What is problem solving and what is the best approach used to face a workplace problem? In my opinion, there is no one good approach to solving a problem. Depending on the underlying circumstances, one of many approaches can bring resolution to the issue or problem that is presented. When faced with a problem, a technique that I commonly use is group brainstorming or consensus decision-making. I do this by pulling the staff together to identify the issue, analyze the problem, facilitate a group discussion with multiple solutions and finally agree on the best possible approach to the problem. By utilizing this approach one must be aware of the symptoms and pitfalls of group think as well as understand key principles for avoiding this problem. The following text will describe the pitfalls of group think as well as mechanisms for prevention.
What is Group Think?
Group think as described by Wikipedia "as a term coined by psychologist Irving Janis in 1972 to describe one process by which a group can make bad or irrational decisions.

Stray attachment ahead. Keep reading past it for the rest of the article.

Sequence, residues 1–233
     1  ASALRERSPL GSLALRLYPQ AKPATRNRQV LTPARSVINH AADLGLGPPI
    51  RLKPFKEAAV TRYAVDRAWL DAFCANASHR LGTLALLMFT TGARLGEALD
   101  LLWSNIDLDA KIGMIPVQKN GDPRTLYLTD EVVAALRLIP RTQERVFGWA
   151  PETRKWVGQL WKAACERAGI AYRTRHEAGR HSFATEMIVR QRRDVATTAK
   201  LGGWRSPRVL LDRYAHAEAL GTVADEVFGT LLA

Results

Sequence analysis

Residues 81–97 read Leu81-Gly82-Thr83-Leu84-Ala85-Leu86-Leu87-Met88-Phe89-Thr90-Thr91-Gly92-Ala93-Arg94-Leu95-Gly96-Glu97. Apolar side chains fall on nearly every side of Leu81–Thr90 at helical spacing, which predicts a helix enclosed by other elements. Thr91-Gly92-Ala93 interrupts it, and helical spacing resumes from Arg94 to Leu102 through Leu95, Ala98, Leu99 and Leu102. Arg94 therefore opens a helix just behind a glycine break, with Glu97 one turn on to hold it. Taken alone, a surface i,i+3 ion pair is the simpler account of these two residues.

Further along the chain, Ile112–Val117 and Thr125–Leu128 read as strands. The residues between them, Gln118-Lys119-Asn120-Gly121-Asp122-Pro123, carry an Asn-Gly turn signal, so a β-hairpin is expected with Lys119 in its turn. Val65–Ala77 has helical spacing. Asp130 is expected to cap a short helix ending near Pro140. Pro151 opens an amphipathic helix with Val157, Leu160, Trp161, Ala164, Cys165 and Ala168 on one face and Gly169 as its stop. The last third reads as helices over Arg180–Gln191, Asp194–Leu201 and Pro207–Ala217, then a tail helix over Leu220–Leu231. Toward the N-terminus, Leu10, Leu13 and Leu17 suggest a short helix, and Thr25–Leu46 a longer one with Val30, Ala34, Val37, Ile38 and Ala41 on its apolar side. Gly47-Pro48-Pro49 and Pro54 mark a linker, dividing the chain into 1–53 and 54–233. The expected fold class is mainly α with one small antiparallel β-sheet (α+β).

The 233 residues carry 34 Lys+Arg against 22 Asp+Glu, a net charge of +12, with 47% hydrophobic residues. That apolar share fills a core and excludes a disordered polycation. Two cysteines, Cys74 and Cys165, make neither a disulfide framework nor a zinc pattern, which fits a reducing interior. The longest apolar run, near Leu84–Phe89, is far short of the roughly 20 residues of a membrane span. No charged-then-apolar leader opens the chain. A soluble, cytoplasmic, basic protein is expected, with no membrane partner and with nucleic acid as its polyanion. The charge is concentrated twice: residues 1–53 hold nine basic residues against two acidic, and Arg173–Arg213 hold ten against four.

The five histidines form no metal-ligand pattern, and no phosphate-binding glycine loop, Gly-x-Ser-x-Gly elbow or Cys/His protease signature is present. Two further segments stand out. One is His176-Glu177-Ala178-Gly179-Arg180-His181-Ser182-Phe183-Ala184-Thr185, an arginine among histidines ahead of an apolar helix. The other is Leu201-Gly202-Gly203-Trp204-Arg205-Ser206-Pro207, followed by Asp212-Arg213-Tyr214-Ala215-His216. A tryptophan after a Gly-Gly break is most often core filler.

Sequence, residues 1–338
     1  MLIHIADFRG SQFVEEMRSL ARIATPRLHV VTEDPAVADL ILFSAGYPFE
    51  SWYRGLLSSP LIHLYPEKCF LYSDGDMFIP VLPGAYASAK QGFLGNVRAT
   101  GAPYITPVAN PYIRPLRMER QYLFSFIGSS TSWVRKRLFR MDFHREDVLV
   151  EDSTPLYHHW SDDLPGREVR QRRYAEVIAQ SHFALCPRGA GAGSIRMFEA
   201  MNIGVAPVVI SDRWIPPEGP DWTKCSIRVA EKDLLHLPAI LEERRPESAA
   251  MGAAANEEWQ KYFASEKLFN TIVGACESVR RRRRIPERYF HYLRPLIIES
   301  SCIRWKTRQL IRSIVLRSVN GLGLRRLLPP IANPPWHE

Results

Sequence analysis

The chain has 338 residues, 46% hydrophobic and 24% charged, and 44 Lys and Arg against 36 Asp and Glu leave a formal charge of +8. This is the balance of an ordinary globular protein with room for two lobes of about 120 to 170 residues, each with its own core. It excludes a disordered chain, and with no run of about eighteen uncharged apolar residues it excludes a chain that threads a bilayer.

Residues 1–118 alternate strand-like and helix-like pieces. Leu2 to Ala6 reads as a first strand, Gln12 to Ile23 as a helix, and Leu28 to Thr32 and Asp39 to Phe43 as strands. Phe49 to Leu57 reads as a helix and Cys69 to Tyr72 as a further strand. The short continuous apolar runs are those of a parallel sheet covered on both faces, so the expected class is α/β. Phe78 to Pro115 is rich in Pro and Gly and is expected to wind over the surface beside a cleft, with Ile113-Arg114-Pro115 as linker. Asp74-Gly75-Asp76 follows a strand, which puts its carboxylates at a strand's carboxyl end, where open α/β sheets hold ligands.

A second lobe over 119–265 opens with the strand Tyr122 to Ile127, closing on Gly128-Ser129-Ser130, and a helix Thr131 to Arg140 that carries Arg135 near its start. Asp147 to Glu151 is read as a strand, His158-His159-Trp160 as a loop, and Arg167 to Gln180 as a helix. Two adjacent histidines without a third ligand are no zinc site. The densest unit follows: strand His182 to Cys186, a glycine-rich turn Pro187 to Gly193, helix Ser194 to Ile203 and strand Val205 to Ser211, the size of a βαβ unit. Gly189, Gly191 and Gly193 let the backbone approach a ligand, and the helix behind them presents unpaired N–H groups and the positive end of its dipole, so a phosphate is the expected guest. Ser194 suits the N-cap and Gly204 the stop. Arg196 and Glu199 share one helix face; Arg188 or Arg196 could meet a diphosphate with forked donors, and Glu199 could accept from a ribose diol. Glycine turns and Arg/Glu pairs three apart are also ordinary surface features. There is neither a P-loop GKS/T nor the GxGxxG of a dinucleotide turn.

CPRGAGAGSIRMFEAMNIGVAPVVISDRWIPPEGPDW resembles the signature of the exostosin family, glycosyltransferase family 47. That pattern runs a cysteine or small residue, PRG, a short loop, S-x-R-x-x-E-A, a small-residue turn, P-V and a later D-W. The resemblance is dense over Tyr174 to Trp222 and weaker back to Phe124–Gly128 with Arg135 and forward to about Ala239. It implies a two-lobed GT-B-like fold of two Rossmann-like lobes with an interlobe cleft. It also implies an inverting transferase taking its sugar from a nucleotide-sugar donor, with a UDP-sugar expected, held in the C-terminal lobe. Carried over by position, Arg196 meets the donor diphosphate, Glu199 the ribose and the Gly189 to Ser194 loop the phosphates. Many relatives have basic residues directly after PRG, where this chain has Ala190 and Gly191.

A mode that thinking people engage in when they are deeply involved in a cohesive group, when the members' striving for unanimity override their motivation to realistically appraise alternative courses of action."(pg.1). In a group think situation, each team member modifies his or her opinion to what they feel is the consensus of the group. When this occurs the result is that the group has ultimately agreed on something that each member may normally have different feelings/opinions towards a different course of action.
Symptoms and Examples of Group Think
Defined by Janis (1972) are 8 preceding factors that would likely encourage group think. I will list these factors and give examples utilizing the Space Shuttle Challenger as an example of group think.